What happens when a bad fan clutch goes bad?

What happens when a bad fan clutch goes bad?

When a fan clutch goes bad and causes your vehicle to overheat, it’s usually because the fan clutch is unable to get into its ‘Engaged’ mode. Thankfully this can be tested (indirectly) by manually locking the fan clutch into its Engaged Mode and I’ll show you how in this case study. What Vehicles Can I Apply This Info To?

What’s the difference between standard and heavy duty fan clutches?

Standard-Duty Thermal Fan Clutch: This design turns the fan at 60-70 percent of the water pump shaft speed when engaged, and 20-30 percent when disengaged. It’s made for fans with a lighter pitch. Heavy-Duty Thermal Fan Clutch: This fan style turns the fan at 70-90 percent of the shaft speed when engaged for increased cooling.

How does a non thermal fan clutch work?

Non-Thermal Fan Clutches. Non-thermal clutches operate solely based on the shaft speed of the water pump. At low and idling speeds, the clutch allows the fan blade to turn at almost a 1:1 ratio.

When to know if your car fan clutch is binding?

Activity that’s louder than normal may indicate binding. A binding fan clutch will typically be accompanied with warm air flow from the A/C, since the fan isn’t turning the way it should be. Start your vehicle and listen for the fan to engage. Give the engine a little time to warm up. After 4-5 minutes, the fan clutch should come to life.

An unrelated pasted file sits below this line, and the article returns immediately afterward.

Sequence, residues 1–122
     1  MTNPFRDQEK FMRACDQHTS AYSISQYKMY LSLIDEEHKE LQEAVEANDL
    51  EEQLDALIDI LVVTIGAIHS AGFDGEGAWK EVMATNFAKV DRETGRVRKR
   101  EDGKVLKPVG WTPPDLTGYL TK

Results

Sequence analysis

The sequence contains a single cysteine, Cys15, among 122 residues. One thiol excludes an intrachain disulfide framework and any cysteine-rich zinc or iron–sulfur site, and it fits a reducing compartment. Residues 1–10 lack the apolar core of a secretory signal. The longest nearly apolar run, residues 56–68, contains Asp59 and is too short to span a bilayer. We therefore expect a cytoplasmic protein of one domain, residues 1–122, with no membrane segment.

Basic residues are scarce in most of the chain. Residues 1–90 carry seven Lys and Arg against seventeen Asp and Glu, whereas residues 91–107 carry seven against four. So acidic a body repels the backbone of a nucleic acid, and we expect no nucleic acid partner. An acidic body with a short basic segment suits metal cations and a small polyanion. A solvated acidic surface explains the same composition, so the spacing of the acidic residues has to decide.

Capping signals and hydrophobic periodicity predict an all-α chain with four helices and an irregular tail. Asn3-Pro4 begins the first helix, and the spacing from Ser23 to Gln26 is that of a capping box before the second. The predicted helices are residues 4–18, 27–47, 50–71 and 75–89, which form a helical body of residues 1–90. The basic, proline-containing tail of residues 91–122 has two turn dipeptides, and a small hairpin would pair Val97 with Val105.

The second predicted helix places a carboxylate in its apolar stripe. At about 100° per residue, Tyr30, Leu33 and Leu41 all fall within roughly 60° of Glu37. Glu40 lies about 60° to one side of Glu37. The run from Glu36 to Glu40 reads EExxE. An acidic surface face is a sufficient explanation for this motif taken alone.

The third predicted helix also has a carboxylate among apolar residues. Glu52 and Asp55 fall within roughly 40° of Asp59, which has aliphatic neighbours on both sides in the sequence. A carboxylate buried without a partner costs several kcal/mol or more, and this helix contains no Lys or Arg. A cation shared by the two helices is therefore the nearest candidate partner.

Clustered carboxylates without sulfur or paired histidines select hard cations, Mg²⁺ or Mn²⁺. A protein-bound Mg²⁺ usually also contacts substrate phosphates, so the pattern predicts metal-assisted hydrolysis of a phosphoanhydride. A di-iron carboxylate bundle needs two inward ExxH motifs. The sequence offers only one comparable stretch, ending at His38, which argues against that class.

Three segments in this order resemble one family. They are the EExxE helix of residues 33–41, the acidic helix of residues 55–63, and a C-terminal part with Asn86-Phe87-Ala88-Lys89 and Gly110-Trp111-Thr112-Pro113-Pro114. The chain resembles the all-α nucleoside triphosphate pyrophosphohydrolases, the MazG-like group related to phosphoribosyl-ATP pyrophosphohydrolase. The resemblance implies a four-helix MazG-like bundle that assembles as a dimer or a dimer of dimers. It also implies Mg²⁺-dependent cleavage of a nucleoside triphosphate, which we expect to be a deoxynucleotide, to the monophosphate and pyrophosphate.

What happens to the fan when the clutch goes bad?

The cooling fan clutch is part of the cooling system that engages or disengages the fan depending on the engine temperature. It is typically bolted between the water pump pulley and the fan. When a fan clutch goes bad, your fan may run at all times, or it may not run at all.

Is the fan pulley connected to the water pump?

The engine cooling fan, made of plastic or metal, isn’t hard-connected to the fan pulley or water pump, but instead is soft-connected via the fan clutch. A properly-functioning fan clutch is critical to engine reliability, as it works to maintain a safe temperature range.

How does a torque limiting fan clutch work?

A torque-limiting fan clutch reacts to engine speed. A centrifugal valve opens to allow the flow of heavy silicone fluid, locking the fan blades to the pulley. At idle and low engine speeds, this fan clutch is fully engaged, gradually disengaging as engine speed increases.

How can you tell when a fan clutch is engaged?

You should be able to audibly detect when the fan clutch engages, with an accompanying rush of air. At idle, as engine temperature increases, a thermal fan clutch will engage at a certain temperature. Torque-limiting fan clutches will disengage at a certain engine speed. Alternatively, an optical tachometer can be used to measure fan speed.